History-- The present state of Virginia embraces but a portion of the ancient "Virginia" as granted to Sir Walter Raleigh, in 1584, which included all the lands be should discover between thirty-third and fortieth degrees of north latitude, and which name became finally restricted to what now constitutes the state. Under this charter, Raleigh planted a colony on the island of Roanoke; but, after repeated trials and disasters, the patent was vacated, and the country was again left to the quiet possession of the Indians. The first permanent settlement in America, by the English, was made at Jamestown, in 1607, by 105 adventures. A second charter was granted to the London company, in 1609, radically changing the constitution, and enlarging the territory of the colony along the coast, within the limits of 200 miles north and 200 miles south of Old Point Comfort; that is, from the southern limits of North Carolina to the northern boundary of Maryland, and extending westward from sea to sea. But so vague were the views of the company, or the adventurers, under this patent, that discord and wretchedness compelled the settlers to break up their establishment in 1610. The year following, Sir Thomas Gates arrived with 300 immigrates, and assumed the government of the colony, which then numbered 700 men. In 1612, a third charter was granted to the London company; but the colony remained under anarchy and tyranny until 1619, when martial law was abolished, and th first provincial assembly was convened at Jamestown. In 1621, the company granted to their colony a "written constitution," which, with singular liberality, ordained that a general assembly, chosen by the people, should be convened annually, its acts to be subject to the supervision of the company in England. The acts of the company, also, were not binding till ratified by the assembly. It established the right of trial by jury. These rights and privileges were ever after claimed by Virginia, and formed the basis of her civil freedom. In 1622, a general massacre of the English was attempted by the Indians, and 347 of them perished. The rest were saved by the timely warning of Pocahontas, daughter of Powhatan, the Indian king. She was like a preserving angel to the feeble settlement. In 1624, the London company was dissolved, and the colony was again subject to the crown. In 1644, another general massacre of the whites was attempted, but without success, the blow having been fortunately averted by the skill, prudence, and courage, of Captain John Smith, one of the most efficient men in the colony. During the commonwealth, under Cromwell, to the restoration of Charles II, in 1660, Virginia was left almost entirely to her own independence. Her governors during this period were chosen by the burgesses, who were the representatives of the people. In 1673, Charles II, granted to Lord Culpeper, and the Earl of Arlington, "all the dominion of land and water called Virginia," for thirty-one years. Within two years after this event the representative system was virtually abolished, and the liberties of the people were otherwise seriously abridged. This together with the pressure of increasing grievances, resulted in open rebellion, followed by Indian aggressions, which continued for four years. In 1677, Culpeper, after purchasing the rights of Arlington, was appointed governor over the colony for life, and Virginia became a proprietary government, which remained in force until 1684, when the grant was recalled, and Culpeper expelled from office. The remaining portion of the history of this state is marked with few incidents of importance, down to the period of the Revolution, except those in the French and Indian war, between 1754 and 1763. In 1786, that part of Virginia now constituting the state of Ohio was erected by act of Congress into the "Western Territory," the name of which was afterward changed to the "Territory northwest of the river Ohio." The same year, the district of Kentucky was also set apart, by act of Congress, into a new territory, nut the separation from the "Old Dominion" did not take place before 1792. The first constitution of Virginia was adopted in 1776, which was revised and amended in 1830, and continued in operation till October 1851, when a new one was adopted. The constitution of the United States was ratified in 1788. Motto of the seal, Sic semper tyrannis -- "So be it ever to tyrants" -- in allusion to the emblem on the seal of an Amazon, resting on a spear with one hand, and holding a sword in the other, with her foot on Tyranny, which is represented by a prostrate man, with a crown fallen from his head, a broken chain in his left hand, and a scourge in his right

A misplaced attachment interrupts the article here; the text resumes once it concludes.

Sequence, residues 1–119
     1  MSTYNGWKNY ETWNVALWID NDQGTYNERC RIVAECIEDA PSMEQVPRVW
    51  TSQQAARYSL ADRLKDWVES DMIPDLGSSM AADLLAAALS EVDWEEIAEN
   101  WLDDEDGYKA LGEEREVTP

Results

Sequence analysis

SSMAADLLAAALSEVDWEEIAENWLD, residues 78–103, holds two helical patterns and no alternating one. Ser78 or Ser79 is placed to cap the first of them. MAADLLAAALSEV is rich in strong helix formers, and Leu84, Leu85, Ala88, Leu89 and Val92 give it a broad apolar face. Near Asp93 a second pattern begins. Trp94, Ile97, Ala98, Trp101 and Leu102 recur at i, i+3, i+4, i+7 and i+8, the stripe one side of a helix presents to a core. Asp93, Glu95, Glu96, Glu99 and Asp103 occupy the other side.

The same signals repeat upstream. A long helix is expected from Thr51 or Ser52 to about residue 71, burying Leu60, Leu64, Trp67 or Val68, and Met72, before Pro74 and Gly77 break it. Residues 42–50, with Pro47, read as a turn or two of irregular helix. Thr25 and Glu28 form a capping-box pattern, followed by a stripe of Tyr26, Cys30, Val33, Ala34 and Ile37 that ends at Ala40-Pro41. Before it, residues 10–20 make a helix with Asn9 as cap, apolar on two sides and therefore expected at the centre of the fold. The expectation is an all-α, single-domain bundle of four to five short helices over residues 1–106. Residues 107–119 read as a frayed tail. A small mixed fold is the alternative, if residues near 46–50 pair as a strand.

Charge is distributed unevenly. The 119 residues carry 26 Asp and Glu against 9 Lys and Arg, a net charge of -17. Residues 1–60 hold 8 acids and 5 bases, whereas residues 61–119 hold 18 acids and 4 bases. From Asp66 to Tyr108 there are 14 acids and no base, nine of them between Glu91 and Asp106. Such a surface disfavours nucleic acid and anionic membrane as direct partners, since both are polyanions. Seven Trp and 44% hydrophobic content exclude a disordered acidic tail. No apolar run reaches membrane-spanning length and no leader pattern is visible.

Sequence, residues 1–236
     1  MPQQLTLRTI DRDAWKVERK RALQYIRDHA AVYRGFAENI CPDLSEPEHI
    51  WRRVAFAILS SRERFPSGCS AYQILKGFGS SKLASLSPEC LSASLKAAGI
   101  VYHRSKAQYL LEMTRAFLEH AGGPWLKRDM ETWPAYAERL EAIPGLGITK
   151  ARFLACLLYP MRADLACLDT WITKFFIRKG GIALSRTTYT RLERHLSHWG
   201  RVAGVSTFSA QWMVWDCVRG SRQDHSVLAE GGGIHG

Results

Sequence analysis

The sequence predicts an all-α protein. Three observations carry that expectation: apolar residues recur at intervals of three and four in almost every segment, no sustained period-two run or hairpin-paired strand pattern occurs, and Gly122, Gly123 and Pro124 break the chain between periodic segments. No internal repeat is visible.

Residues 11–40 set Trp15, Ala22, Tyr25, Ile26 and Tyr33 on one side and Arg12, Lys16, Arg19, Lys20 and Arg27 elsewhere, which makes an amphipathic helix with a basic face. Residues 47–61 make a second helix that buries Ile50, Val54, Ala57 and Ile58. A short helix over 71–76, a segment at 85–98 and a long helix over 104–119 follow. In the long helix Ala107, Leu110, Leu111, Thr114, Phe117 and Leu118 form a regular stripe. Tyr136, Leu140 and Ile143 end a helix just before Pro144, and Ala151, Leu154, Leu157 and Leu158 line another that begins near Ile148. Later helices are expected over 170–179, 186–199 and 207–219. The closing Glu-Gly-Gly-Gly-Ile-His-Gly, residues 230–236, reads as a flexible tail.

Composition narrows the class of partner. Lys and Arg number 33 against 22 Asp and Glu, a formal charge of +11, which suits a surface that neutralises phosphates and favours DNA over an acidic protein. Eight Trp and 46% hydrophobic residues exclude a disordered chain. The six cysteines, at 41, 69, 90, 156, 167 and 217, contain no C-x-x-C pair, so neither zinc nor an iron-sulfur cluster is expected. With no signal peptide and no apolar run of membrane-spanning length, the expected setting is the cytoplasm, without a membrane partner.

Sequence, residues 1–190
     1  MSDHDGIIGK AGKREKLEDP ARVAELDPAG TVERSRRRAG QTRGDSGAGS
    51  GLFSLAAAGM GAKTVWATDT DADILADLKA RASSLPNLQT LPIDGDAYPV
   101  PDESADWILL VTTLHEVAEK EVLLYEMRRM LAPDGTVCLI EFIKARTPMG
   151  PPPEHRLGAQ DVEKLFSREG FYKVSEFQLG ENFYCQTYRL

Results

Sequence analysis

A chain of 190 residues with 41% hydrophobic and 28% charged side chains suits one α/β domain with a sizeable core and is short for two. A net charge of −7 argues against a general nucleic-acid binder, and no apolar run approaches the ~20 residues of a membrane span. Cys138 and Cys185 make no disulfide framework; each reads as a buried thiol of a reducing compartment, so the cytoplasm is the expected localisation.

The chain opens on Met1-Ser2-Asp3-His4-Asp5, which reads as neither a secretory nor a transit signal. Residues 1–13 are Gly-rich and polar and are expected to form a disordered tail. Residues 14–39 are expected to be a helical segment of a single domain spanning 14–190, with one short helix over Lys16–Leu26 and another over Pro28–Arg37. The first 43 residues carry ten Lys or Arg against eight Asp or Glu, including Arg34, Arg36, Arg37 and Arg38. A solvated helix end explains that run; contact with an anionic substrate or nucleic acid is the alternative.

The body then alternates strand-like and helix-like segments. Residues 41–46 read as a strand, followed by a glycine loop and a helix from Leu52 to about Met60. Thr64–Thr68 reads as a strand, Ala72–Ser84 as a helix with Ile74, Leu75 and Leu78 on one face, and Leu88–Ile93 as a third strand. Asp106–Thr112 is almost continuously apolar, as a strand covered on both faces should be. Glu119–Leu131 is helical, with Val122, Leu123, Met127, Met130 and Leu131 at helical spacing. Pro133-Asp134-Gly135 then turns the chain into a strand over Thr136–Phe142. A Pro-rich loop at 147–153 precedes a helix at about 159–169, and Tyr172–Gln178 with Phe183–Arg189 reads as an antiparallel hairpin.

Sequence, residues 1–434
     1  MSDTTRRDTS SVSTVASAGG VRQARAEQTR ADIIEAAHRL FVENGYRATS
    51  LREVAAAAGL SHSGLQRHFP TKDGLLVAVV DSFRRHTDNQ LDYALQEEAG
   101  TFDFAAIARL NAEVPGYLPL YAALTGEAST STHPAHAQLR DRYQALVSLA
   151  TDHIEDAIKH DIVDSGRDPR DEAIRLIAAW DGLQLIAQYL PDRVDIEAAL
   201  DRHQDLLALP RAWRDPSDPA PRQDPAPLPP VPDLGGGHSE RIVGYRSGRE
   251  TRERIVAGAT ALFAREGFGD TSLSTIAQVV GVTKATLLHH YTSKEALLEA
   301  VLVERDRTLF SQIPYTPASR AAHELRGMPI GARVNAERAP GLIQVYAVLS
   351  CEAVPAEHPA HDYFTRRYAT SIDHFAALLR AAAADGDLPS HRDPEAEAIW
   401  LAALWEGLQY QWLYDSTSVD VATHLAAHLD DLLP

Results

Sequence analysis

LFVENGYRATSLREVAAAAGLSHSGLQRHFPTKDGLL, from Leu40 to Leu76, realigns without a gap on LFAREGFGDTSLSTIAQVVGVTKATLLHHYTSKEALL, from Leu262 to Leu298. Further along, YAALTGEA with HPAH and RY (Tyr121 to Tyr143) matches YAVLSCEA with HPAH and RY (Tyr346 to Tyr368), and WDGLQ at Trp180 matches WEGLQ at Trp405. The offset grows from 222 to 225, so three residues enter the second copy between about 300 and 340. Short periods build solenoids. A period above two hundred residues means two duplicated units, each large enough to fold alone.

1850 Counties of Virginia
|County||Description||Area in sq miles||Courts held at||Pop in 1850|